Soil Structure?


Soil Health Friday

One of the keys to understanding soils and nutrient cycling is understanding what gives structure to the soil. Often, we see CEC referenced on our soil sample results but the grower might be unsure of how to apply that information. We also might hear the words aggregates, base saturation, sandy, tight, clay, loam, etc. to describe our soil conditions, but what does it all mean and how can we implement an approach for the best plan on that particular field? Let’s dive in!

We must start by recognizing the complexity of soils and structures of soils. These are very complex, and very few fields will even be homogenous throughout their entirety. Soils are variable and the biological component in them is fluid and forever moving, living, respiration, and changing. The goal is to allow our biological aspect of soils to best work for us, through reduced disturbance, diversity, constant roots growth, and all additional soil health principles.

To ensure our soils have good structure, we must start by looking at base saturations and our ideal targets for these, based on the CECs of our soils. Let’s assume we have a very low CEC, which is typically indicative of sandy soil. We will want to ensure that this soil structure is tighter than say a higher CEC (more clay) type soil. Therefore, we are going to aim for a higher MG base saturation in this soil to hold the soil tighter. The inverse of this would be a high MG soil, in a higher CEC soil type. This soil might need more CA to increase the porosity and formation and spacing of the IONS on the soil colloid, also driving out the MG for a more porous structure. Simply by managing our base saturations, this often can be accomplished with lime, we can enhance our soil’s structure. This is the foundation, in which we can build our soils and microbes homes.

Now that we have enhanced our soil structure through an adequate base saturation focus and adjustment….we can now switch our focus to our biological processes and planting methods. With Vitalize Seed we use a One-Two system that is designed to help with nutrient cycling, ideally through no-till systems. Due to the vast amount of diversity and balanced C: N ratios of our mixes, we are optimizing microbial communications in our soils and cycling nutrients so that one crop planting is feeding the next.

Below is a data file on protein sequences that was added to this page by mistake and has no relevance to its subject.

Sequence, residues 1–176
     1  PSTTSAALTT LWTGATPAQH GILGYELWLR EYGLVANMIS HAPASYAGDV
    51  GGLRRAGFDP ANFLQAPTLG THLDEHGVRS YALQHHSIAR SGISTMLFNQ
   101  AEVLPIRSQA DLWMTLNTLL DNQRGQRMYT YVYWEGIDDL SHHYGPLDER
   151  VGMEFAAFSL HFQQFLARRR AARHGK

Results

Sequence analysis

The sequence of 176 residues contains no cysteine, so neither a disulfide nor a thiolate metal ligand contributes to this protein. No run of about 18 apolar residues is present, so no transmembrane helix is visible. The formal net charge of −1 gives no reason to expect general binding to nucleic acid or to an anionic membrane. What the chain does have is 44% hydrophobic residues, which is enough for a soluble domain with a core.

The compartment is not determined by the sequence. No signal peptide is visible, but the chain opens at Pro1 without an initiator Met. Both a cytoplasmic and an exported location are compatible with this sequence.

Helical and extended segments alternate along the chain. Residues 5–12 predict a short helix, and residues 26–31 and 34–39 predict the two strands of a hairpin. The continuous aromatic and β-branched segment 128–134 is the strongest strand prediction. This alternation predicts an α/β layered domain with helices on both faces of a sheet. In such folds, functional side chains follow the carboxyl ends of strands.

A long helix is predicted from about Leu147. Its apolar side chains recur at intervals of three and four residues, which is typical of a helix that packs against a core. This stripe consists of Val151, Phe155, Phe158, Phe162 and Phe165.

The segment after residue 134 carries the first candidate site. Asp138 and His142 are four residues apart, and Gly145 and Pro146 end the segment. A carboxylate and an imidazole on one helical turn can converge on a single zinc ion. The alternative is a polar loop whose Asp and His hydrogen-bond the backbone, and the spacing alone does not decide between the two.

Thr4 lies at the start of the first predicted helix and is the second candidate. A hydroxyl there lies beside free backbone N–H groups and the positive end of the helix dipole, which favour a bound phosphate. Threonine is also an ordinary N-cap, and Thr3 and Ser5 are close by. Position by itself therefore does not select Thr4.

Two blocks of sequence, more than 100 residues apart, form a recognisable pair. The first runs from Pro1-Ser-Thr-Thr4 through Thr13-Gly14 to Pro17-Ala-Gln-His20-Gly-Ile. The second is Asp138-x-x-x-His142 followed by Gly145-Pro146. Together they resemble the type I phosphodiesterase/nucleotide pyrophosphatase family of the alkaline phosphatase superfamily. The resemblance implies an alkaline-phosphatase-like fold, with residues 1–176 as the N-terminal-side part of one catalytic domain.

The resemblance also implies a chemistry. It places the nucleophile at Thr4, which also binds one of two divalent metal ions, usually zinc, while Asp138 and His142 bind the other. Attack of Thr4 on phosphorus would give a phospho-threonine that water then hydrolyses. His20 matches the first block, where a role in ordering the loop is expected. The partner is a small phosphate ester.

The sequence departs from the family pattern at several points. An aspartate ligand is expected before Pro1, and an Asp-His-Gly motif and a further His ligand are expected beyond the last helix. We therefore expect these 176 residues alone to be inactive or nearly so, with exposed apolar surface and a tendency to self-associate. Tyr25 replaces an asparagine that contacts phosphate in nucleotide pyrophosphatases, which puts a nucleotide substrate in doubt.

As we continue with these systems not only are we cycling nutrients, and adding OM through above and below-ground biomass. We are (more importantly) leading our systems to more fungal-dominated systems, over time. As we increase our mycorrhizae (and other fungal networks) in the soil and communicate with these networks through root exudation, we will increase our fungal enzyme releases and glomalin (biotic glue) production. Glomalin works as a “glue” for the soil and aids in the formation of soil aggregates. Soil aggregation is extremely important to the structure of the soil, the CEC of the soil, the water infiltration, and the microbial communication and transferability through the soil profile, and up into the plants. Aggregation is very susceptible to tillage, and tillage will damage or destroy the aggregation that our microbiome worked so hard to create.

In the end, if you are growing on beach sand to Appalachian clay – by following these above steps, over time – you will be able to create a better soil structure. This will help you with plant growth, microbial communications, water infiltration, root structure, erosion control, and even deer development! As always, I hope this is useful, and thank you for considering Vitalize Seed as your source for balanced, cover crop seed mixes.

Jared Van Hees

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